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Growing up as a military child, managing long distance relationships has always been a huge part of my life. Whether it be keeping in touch with relatives or friends, maintaining close ties with someone across the country, or even across the globe, is not easy. I have lost countless friends and strained a lot of relationships because of distance, but I have also kept some really amazing people in my life despite it.

One of the biggest obstacles for people is becoming comfortable with not talking to someone all the time. When I moved away from my very first best friend, we used to call each other all the time. Sadly, as time passed, we both became very busy and lived entirely separate lives. We slowly started talking less and less, and we were never able to bounce back from that. With my current best friends, however, we can go days without talking to each other, and our relationship will still be as strong. The difference between now and then is that my friends and I don’t have the need to talk all the time – we understand that life gets busy. We don’t become uncomfortable or lose our natural cadence if we go some time without talking.

That being said, it’s still really important to make time to talk to each other. For example, whenever I find some free time in between classes and don’t want to study, I’ll give one of my best friends a call. Sometimes, it’s easier to have a scheduled time to talk. There’s a 15 hour time difference between my mother and I, so it’s easier for us to have a set time to video call, which is every Saturday night. This way, even if I haven’t been able to talk much with the people in my life throughout the week, we still have the opportunity to update each other on our lives and just sit and talk.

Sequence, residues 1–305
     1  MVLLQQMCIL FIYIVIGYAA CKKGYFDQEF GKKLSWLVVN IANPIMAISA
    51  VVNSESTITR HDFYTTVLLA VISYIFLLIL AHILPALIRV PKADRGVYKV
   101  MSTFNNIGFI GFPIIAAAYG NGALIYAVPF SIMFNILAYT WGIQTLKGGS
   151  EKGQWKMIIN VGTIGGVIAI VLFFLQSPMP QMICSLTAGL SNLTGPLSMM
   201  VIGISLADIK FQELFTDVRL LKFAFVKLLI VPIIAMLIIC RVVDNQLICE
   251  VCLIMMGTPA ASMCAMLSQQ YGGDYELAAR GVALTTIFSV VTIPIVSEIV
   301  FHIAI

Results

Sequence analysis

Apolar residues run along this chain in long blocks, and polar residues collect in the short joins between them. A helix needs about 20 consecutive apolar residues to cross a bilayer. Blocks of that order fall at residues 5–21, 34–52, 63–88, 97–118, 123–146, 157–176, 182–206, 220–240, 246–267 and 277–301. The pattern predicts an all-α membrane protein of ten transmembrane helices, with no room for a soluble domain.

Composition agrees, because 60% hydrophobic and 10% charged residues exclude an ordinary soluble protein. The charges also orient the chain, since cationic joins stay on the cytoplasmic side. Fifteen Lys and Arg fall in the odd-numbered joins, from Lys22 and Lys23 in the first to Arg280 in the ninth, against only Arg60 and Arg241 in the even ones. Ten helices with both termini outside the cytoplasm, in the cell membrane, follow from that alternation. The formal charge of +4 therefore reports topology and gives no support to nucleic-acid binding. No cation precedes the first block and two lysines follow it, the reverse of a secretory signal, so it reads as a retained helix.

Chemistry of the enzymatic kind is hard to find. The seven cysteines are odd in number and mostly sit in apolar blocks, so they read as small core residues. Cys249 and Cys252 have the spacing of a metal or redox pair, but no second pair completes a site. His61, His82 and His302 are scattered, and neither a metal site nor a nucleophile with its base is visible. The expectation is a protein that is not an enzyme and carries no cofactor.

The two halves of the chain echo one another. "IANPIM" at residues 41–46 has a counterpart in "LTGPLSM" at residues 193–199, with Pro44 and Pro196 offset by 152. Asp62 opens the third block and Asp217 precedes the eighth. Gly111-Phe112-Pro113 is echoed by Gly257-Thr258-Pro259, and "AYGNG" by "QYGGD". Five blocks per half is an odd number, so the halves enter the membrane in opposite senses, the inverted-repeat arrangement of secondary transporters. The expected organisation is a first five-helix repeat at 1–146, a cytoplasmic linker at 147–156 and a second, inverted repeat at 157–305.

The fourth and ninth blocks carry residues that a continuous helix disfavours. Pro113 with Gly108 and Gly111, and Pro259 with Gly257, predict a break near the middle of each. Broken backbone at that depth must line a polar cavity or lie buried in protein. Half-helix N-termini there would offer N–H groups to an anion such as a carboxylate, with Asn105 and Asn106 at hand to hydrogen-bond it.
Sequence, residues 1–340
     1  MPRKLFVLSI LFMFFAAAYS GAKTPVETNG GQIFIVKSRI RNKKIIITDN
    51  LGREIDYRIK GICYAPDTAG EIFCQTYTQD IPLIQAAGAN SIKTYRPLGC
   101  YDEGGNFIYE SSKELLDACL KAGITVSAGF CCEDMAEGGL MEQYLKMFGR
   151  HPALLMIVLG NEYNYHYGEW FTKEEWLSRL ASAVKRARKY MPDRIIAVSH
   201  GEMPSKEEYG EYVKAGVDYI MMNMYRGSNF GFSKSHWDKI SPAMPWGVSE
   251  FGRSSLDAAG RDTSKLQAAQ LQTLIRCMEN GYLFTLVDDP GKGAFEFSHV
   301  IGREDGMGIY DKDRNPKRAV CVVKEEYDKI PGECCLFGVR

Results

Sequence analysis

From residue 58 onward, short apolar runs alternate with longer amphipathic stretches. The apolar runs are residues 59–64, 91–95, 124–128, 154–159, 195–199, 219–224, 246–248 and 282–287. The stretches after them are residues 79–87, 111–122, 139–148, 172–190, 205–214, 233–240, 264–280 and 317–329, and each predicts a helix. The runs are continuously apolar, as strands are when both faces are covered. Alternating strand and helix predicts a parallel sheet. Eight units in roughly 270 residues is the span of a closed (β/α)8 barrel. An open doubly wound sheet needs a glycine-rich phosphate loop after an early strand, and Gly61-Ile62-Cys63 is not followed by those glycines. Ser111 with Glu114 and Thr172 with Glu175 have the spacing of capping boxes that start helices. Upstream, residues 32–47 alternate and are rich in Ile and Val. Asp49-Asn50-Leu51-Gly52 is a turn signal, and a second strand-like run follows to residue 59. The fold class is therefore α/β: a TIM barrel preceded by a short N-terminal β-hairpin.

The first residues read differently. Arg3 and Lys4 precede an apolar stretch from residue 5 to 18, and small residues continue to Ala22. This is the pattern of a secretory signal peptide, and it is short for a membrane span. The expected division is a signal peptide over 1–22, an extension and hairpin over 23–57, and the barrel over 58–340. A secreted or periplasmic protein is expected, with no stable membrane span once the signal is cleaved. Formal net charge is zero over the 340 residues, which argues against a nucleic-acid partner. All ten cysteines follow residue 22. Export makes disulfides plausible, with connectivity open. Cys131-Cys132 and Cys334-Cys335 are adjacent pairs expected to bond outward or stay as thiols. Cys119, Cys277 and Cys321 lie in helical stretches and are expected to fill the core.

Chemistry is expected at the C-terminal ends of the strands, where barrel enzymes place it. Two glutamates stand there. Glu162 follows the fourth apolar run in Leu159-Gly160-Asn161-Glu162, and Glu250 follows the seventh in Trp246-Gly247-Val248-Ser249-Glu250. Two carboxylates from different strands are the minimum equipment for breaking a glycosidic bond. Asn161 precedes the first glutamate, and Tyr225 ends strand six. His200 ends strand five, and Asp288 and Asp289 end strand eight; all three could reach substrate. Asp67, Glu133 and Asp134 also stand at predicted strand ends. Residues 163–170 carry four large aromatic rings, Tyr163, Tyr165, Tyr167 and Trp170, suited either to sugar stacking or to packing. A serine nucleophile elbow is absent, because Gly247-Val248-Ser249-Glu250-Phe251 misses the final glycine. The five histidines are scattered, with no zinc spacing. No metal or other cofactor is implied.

Another hard part is simply missing the other person. As hard as it is, there is no definite way to fix this, especially if you went from seeing each other everyday to not seeing each other at all. Sometimes, it’s comforting just to hear their voice or see their face. Other times, it’s not enough, and you miss their actual physical company. When I start feeling like that, the best thing I can do is just let myself miss them. There’s nothing wrong with feeling negative things. Of course, this might not work for everyone, so it might be better to just distract yourself or perhaps meet up with a friend you have in the city.

That brings up my next point: make friends wherever you live. It’s very easy to find yourself feeling lonely or, like I said, missing people, and having a friend you can hang out with helps a lot. Even if you don’t feel up to going out, just knowing that the option is there can be a big comfort. Finding new friends doesn’t mean you’re replacing your other ones!

This isn’t a very extensive list about ways to handle long distance, but I hope some of the things I mentioned may help you or at least provide you with some comfort that long distance is completely possible. I haven’t seen one of my best friends in roughly five years, but we’re still as close as ever. It takes some work on both ends, and each relationship involves its own unique difficulties, but distance doesn’t have to be the end.

Cristina is a freshman majoring in Psychology (BA) at UT Austin. She loves people, animals, and anything cute! In her free time, you can find her practicing the piano or huddled up in her bed watching Hulu.
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